VA Subspecialty Ambulatory

Medicine

Educational Purpose:

This rotation is intended to give upper level medical residents the experience of working with various sub specialty internal medicine patients in an ambulatory care setting. It is designed to develop the clinical skills required by a general internist when evaluating and managing sub specialty problems in the office setting. The rotation provides the residents with expert mentorship, direct supervision, and the resources to enrich the direct clinical experiences.

Goal: Residents must be able to provide patient care that is compassionate, appropriate, and effective for the treatment of health problems and the promotion of health.

Residents are expected to:

PGY 1

PGY 2 and 3

  1. To enhance the residents’ history taking and physical diagnosis skills.
  2. To develop differential diagnoses and formulate a treatment plan in an outpatient subspecialty setting.
  3. To manage the outpatient illnesses which are commonly cared for by the general internist.
  4. To develop expertise in caring for outpatients with endocrine, cardiac, infectious disease, hematology, oncology, GI, nephrology, and pulmonary diagnoses.

Medical Knowledge Goals and Objectives:

Goal: Residents must demonstrate knowledge of established and evolving biomedical, clinical, epidemiological, and social-behavioral sciences, as well as the application of this knowledge to patient care.

Residents are expected to:

PGY 1

PGY 2 and 3

  1. To enhance the residents’ history taking and physical diagnosis skills.
  2. To develop differential diagnoses and formulate a treatment plan in an outpatient subspecialty setting.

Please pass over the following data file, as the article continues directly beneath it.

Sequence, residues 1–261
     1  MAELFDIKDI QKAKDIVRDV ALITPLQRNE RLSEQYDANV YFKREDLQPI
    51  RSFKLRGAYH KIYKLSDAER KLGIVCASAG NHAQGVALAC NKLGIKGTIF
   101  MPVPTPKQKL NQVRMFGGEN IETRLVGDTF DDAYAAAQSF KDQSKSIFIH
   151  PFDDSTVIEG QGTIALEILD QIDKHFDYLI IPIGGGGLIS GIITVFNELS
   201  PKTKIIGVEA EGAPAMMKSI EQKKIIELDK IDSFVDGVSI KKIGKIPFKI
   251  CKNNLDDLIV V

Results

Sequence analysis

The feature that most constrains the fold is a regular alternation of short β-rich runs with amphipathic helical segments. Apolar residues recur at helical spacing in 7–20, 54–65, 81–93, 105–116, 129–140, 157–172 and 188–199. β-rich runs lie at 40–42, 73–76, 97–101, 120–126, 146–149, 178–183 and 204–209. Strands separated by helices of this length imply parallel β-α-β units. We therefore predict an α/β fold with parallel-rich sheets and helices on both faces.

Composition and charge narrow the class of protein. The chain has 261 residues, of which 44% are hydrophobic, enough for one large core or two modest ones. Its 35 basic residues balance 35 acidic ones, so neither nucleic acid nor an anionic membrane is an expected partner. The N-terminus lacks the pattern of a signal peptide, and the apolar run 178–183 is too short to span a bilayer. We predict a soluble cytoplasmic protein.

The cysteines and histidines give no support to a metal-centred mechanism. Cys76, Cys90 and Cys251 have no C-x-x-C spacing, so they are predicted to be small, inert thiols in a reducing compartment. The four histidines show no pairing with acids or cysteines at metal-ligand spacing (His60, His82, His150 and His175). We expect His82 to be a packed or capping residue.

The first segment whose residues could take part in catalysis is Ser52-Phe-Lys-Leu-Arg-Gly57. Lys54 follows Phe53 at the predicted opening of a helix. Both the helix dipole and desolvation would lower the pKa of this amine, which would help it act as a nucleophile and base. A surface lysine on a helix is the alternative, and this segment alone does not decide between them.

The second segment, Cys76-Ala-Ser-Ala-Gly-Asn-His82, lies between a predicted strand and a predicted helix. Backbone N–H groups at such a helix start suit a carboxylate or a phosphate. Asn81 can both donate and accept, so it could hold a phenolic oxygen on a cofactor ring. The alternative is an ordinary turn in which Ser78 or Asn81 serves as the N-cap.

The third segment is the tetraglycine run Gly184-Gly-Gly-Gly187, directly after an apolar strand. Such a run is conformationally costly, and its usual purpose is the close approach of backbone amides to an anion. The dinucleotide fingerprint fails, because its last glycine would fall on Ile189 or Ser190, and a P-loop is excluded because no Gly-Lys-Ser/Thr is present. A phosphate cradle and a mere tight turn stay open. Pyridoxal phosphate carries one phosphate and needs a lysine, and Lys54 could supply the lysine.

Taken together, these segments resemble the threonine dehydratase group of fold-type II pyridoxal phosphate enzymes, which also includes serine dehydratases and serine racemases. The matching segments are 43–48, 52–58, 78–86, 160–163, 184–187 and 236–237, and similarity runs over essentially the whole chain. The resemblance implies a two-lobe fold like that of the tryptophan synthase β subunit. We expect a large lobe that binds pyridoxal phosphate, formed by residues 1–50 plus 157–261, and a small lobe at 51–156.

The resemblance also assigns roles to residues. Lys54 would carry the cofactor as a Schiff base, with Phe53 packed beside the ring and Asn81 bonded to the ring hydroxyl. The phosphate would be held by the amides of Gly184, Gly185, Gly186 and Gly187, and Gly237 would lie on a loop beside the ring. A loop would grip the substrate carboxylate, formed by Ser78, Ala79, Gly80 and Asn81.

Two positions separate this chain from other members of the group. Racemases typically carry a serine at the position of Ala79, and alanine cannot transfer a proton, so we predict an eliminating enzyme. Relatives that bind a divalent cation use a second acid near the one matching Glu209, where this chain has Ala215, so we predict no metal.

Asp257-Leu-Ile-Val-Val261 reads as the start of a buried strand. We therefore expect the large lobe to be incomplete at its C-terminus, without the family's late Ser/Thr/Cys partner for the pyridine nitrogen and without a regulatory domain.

3. To understand the indications/need for appropriate outpatient subspecialty consultation.

Practice-Based Learning and Improvement Goals and Objectives:

Goal: Residents must demonstrate the ability to investigate and evaluate their care of patients, to appraise and assimilate scientific evidence, and to continuously improve patient care based on constant self-evaluation and life long learning.

Residents are expected to develop skills and habits to be able to:

PGY 1

PGY 2 and 3

Systems Based Practice Goals and Objectives:

Goal: Residents must demonstrate an awareness of and responsiveness to the larger context and system of health care, as well as the ability to call effectively on other resources in the system to provide optimal health care.

Residents are expected to:

PGY 1

PGY 2 and 3

  1. To develop expertise in caring for outpatients with endocrine, cardiac, infectious disease, hematology, oncology, GI, nephrology, and pulmonary diagnoses.
  2. To understand the indications/need for appropriate outpatient subspecialty consultation.
  3. To effectively work with an interdisciplinary team in the outpatient setting.

Professionalism Goals and Objectives:

Goal: Residents must demonstrate a commitment to carrying out professional responsibilities and an adherence to ethical principles.

Residents are expected to demonstrate:

PGY 1

PGY 2 and 3

Interpersonal and Communication Skills Goals and Objectives: